BY FRANCAIS HEALY – THE CAMPUS LEDGER
It’s dark and ominous inside the control room. As the clock strikes 2 a.m., your energy drink is getting flat as you clench on to the fact that you’re almost out of power. You hear a distant noise and hastily check the cameras for signs of impending danger. They’re all black… You hear footsteps and close the camera when suddenly a gigantic, animatronic, purple bunny screams and attacks your face.
Welcome to “Five Nights at Freddy’s,” one of this summer’s premier indie horror video game titles from Scottgames. Your character is Michael Schmidt, the poor soul that signed up for the worst summer job ever. He works the night shift as a security guard for Freddy Fazbear’s Pizza, a family-owned pizza joint famous for their animatronic, furry characters that entertain guests of the run-down establishment.
Though creepy, these mechanical deviants seem petty and harmless throughout the day, but from midnight to 6 a.m., they’re unstoppable.
The four puppets, Freddy the Bear, Bonnie the Bunny, Chica the Chick and Foxy the Pirate Fox, bring forth the primal fear a child might feel towards such characters. Each “thing” stares into a potential victim with sunken eyes and paralyzed smiles as they conceal their prominent teeth, giving them the appearance of a psychopathic nightmare puppet. According to the recorded voice of the previous occupant of your position, your job is to make sure no harm comes to the “equipment” from midnight until 6 a.m.
In the game, however, your goal is to ensure that nothing happens to you.
As your instructor reads the legal jargon from the receiver, it becomes clear that your life is definitely, maybe, probably in imminent danger, and as the night wears on, you quickly come to the realization that there’s more than meets the eye during the afterhours of Freddy Fazbear’s Pizza.
As the puppets roam around at night, if they happen to see you, they will mistake you for an animatronic character outside of his suit. But that’s against the rules at Freddy’s. Don’t worry, they’ll help you fix that… by shoving you into a bear suit filled with mechanical wiring and other sharp metal fragments.
The gameplay is simple: you sit inside the security office, observing security cameras dispersed throughout the pizza place via tablet. The game is exclusively controlled with a mouse and the player uses it to open and close the camera screen by moving it to the bottom of the monitor. This allows you to switch cameras by clicking on separate boxes, representing a different camera stationed in each room.
The animatronic puppets have starting places, and as the night draws on, you notice they move throughout the building, getting closer and closer to your office. The only thing that stands between you and your untimely death are two mechanical doors, powered by limited energy and lights in the hallways next to your doors. The buttons for the doors and hallway lights turn off and on with simple clicks of the mouse. Using the cameras, hallway lights and mechanical doors, you defend yourself from the nightmare machines that wander the halls.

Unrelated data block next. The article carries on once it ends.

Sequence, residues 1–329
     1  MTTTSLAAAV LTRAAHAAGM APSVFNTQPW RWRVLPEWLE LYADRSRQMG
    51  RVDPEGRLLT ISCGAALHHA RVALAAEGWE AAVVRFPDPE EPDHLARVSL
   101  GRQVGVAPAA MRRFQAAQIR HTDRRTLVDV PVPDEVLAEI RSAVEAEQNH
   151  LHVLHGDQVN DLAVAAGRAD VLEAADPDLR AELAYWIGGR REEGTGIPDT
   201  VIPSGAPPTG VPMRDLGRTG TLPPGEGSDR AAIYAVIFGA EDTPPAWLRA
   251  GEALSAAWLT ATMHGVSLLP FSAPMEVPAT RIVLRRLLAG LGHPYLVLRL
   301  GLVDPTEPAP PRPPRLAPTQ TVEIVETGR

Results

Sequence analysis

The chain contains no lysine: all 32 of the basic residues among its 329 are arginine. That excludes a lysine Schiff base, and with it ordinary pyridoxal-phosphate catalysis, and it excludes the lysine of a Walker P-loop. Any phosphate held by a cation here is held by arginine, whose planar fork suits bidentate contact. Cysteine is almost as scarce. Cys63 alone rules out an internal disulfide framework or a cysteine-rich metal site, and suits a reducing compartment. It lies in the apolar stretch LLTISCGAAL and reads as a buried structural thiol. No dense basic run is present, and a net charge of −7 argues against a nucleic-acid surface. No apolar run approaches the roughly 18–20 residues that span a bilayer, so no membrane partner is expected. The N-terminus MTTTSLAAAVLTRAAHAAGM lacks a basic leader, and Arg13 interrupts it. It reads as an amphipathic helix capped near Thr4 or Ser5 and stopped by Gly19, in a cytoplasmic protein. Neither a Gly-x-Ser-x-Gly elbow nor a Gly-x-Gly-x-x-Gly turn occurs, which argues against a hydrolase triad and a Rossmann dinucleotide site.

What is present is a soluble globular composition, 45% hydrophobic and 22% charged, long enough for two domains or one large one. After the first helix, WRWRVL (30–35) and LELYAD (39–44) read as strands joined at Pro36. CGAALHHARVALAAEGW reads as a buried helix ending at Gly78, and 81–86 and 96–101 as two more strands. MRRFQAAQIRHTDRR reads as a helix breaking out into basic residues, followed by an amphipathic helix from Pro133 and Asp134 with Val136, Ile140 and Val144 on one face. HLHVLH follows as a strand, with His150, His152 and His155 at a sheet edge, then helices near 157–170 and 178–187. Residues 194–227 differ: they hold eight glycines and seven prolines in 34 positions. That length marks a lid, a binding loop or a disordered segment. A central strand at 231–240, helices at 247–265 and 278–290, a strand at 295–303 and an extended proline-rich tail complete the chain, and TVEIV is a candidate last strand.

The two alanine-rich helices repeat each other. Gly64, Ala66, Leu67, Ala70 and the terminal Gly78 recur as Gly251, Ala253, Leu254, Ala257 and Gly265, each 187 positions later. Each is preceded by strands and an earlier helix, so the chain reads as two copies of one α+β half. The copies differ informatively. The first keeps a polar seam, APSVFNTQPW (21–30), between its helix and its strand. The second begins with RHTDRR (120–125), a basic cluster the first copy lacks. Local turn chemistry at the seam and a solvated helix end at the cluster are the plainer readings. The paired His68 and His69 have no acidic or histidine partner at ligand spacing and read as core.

Like previously mentioned, these defenses take power, and if you’re running on empty before the night is over, you’ll be defenseless from Freddy and his buddies. There is very little sound — just the humming of the fan and a light bulb in your office. When the characters move, you’ll hear their footsteps and other noises they may make. The dead silence is bone chilling. It builds anxiety perfectly for exhilarating jump scares. As the player, you know in real life there’s nothing scary about playing a silly video game, but the simple fear of being afraid or scared drives you into a swirling spiral of tension, building paranoia and sickeningly exciting fun.
While the premise seems ridiculous at first, the dirty-looking artwork makes you believe you’re in a disgusting back office of a pizza parlor, reminiscent of a haunted Chuck E. Cheese’s. The characters were created using paintings over 3-D models, and despite being 2-D, there’s a slight lifelike effect to them, which creates an uncanny appearance that puts the creepiness of the game over-the-top.
Despite a couple inconsistencies, such as long spurts of inactivity during certain levels and the audio clips from your instructor unable to replay, the game is very polished.
It takes a while to fully understand how to control the game so a recommendation would be to watch YouTube videos to get a decent sense of how everything works. On the flip side, it’s more exciting and unpredictable to trek through the night while learning how to operate everything. Obviously, how one chooses to play is ultimately up to the player…
All in all, “Five Nights at Freddy’s” is a terrifying experience and certainly one of the more notable indie games to come out this month. With unique and uncanny visuals, a killer atmosphere composed of fantastic sound effects and a fun but eerie premise, this game is the complete package.
The full game is available on Steam, but if you’re unsure of whether or not this game is for you, try the trial version (available here). Many simply can’t handle the psychological torment brought by this game; however, if you like survival horror, this game is a fun romp.
Contact Francais Healy, staff reporter, firstname.lastname@example.org